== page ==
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The Computer Audiophile

The Day the Music Burned

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The article has some good information about monetizing back catalog with streaming.  I think I'm remembering correctly that something like half of last year's streaming revenues came from back catalog.  Since the companies usually own the masters, this means anything in the back catalog is fair game for further profit through downloads and streaming.


One never knows, do one? - Fats Waller

The fairest thing we can experience is the mysterious. It is the fundamental emotion which stands at the cradle of true art and true science. - Einstein

Computer, Audirvana -> microRendu -> USPCB -> ISO Regen (powered by LPS-1) -> Ghent JSSG360 USB cable -> Pro-Ject Pre Box S2 DAC ->

Spectral DMC-12 & DMA-150 -> Vandersteen 3A Signature.

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So sad that we’ve lost cultural heritage — Coltrane’s Impulse!!! 😓😰

 

The lesson that aught to be learned is that we need to widely store copies of high resolution digital source as well as mastering! Think BitTorrent 😉


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44 minutes ago, jabbr said:

So sad that we’ve lost cultural heritage — Coltrane’s Impulse!!! 😓😰

 

The lesson that aught to be learned is that we need to widely store copies of high resolution digital source as well as mastering! Think BitTorrent 😉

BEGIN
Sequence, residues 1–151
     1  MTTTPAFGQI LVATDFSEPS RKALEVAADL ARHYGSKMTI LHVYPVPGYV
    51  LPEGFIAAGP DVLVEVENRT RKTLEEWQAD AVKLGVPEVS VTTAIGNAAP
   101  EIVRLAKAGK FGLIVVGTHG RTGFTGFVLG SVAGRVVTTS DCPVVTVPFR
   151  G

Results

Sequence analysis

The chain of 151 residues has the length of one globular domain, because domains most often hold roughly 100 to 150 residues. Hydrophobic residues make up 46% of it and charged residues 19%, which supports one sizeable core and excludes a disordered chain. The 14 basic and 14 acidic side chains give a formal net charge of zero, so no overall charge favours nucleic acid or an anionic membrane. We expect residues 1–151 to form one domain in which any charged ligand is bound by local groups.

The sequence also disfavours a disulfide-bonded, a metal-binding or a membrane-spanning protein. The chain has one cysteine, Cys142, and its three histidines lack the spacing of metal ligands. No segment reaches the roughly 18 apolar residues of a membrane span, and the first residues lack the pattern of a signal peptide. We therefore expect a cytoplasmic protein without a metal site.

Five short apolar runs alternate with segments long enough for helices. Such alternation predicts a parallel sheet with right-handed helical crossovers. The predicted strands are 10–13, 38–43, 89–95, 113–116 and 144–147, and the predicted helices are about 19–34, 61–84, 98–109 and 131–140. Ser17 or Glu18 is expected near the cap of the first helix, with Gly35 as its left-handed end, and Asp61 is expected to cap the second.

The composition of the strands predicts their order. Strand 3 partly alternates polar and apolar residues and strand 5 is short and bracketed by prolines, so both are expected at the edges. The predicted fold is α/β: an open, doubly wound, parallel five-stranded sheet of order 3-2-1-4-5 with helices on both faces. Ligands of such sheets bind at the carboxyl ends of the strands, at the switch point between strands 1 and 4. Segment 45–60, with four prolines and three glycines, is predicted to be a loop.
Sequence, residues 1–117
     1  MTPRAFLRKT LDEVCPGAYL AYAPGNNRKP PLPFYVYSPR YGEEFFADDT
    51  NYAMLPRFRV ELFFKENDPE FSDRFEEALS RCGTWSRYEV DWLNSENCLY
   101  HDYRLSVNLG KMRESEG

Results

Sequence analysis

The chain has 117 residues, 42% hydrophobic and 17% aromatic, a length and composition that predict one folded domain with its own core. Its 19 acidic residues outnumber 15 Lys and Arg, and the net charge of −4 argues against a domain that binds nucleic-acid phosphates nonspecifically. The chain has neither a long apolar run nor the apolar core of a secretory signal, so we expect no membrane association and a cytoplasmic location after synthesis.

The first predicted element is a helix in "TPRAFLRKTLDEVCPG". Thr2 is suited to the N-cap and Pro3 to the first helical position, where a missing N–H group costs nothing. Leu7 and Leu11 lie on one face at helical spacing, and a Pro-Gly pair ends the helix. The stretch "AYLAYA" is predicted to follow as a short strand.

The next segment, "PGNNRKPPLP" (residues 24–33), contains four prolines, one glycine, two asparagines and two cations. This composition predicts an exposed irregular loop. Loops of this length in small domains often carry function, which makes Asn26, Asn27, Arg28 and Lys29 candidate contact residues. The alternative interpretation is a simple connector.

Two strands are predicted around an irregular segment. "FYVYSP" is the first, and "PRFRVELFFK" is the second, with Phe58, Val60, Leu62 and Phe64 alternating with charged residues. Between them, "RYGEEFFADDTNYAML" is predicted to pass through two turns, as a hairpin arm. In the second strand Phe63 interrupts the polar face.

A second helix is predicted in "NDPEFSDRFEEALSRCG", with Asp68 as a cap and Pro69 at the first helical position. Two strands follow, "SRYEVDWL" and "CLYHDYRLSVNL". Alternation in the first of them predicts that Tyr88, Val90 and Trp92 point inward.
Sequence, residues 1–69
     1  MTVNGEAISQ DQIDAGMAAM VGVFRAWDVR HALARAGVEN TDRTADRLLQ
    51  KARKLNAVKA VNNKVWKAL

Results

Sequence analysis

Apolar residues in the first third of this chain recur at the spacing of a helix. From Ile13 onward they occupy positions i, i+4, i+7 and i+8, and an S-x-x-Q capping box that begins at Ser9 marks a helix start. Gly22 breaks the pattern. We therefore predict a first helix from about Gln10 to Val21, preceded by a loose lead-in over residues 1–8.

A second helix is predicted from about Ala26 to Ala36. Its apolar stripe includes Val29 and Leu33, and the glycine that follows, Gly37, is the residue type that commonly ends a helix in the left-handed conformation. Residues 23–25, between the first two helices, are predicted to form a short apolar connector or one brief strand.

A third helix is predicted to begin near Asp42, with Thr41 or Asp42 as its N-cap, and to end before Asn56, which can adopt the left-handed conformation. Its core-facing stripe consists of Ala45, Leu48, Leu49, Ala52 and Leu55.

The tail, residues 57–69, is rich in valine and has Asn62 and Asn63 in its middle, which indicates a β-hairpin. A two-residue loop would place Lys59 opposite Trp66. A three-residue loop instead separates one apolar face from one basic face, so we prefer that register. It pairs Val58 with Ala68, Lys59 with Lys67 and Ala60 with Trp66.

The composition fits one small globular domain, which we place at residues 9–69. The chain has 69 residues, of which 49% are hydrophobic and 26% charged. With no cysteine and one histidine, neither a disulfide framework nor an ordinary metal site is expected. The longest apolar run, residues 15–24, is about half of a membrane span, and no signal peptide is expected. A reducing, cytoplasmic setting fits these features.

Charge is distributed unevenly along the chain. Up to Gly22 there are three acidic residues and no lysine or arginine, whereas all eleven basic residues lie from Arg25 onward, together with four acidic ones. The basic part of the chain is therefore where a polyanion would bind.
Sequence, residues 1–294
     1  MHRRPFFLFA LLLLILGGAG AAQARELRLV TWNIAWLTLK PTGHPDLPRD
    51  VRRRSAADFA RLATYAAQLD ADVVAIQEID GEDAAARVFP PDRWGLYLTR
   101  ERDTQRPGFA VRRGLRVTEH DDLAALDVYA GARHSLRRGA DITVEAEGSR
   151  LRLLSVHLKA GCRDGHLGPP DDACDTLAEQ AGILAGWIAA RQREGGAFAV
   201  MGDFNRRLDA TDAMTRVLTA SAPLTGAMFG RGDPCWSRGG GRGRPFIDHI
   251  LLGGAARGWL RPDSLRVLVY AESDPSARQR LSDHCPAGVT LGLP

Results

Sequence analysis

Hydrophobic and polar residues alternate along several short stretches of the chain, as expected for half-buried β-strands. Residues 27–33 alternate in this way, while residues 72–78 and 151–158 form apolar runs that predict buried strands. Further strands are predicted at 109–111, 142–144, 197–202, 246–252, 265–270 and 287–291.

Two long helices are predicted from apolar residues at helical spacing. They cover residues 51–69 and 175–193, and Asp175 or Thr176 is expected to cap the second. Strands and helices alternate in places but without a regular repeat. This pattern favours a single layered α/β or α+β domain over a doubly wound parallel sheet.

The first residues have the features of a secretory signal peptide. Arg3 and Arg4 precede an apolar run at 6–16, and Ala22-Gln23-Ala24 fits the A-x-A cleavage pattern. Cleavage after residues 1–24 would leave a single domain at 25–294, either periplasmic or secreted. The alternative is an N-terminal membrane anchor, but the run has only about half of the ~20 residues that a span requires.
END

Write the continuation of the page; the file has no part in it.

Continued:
No record company would do that.  The cultural heritage to them is only a sales benefit.  They'd rather lose those recordings than risk some torrenting scheme get leaked and they lose all chance at profit.  

 

This isn't something new, been happening for many years.  I've wondered what the cost of good storage with all the pertinent information and safety masters in a second location really cost relative to the rest of the business.  Seems very short sighted, and always has to me, but maybe costs are greater than I'd think. 


To paraphrase Rick James, "sighted listening is a helluva drug".

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So having read the article some, all the music portion of what was lost in the fire was only 2400 square feet of storage space.  Obviously you could spend not all that much to create a vault far more safe and secure than a metal warehouse building that was used.  Not all that much relative to the long term worth of what was lost.  Seems par for the course in the music biz since forever.  

 

And such a fine business, of course they lied and mislead for years about the fire.  


To paraphrase Rick James, "sighted listening is a helluva drug".

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Aren't we glad that Sony digitized their  catalog to DSD all those years ago for archive purposes....One assumes they have a few backups. 

It really is amazing how often you read about some classic album from the 60's- to 80's and no one is sure where the actual master is. No fire needed. 


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11 hours ago, esldude said:

Music remastering is as bad as the sausage factory.  You really don't want to know what goes into your sausage or what goes on there. 

 

1 hour ago, firedog said:

In other words, they couldn't give a **** for SQ or music history in most cases.